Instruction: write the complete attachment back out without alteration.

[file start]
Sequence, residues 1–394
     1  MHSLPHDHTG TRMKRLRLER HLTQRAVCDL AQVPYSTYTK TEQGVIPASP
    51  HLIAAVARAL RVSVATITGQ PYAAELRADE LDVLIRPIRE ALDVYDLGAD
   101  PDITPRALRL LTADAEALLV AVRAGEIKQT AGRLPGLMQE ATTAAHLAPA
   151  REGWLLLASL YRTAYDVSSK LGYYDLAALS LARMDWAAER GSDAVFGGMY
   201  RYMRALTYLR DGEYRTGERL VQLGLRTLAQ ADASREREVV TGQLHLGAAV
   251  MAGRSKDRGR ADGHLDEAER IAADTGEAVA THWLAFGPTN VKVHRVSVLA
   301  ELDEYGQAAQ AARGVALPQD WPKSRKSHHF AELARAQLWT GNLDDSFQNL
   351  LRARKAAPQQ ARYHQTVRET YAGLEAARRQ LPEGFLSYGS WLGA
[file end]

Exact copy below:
Sequence, residues 1–394
     1  MHSLPHDHTG TRMKRLRLER HLTQRAVCDL AQVPYSTYTK TEQGVIPASP
    51  HLIAAVARAL RVSVATITGQ PYAAELRADE LDVLIRPIRE ALDVYDLGAD
   101  PDITPRALRL LTADAEALLV AVRAGEIKQT AGRLPGLMQE ATTAAHLAPA
   151  REGWLLLASL YRTAYDVSSK LGYYDLAALS LARMDWAAER GSDAVFGGMY
   201  RYMRALTYLR DGEYRTGERL VQLGLRTLAQ ADASREREVV TGQLHLGAAV
   251  MAGRSKDRGR ADGHLDEAER IAADTGEAVA THWLAFGPTN VKVHRVSVLA
   301  ELDEYGQAAQ AARGVALPQD WPKSRKSHHF AELARAQLWT GNLDDSFQNL
   351  LRARKAAPQQ ARYHQTVRET YAGLEAARRQ LPEGFLSYGS WLGA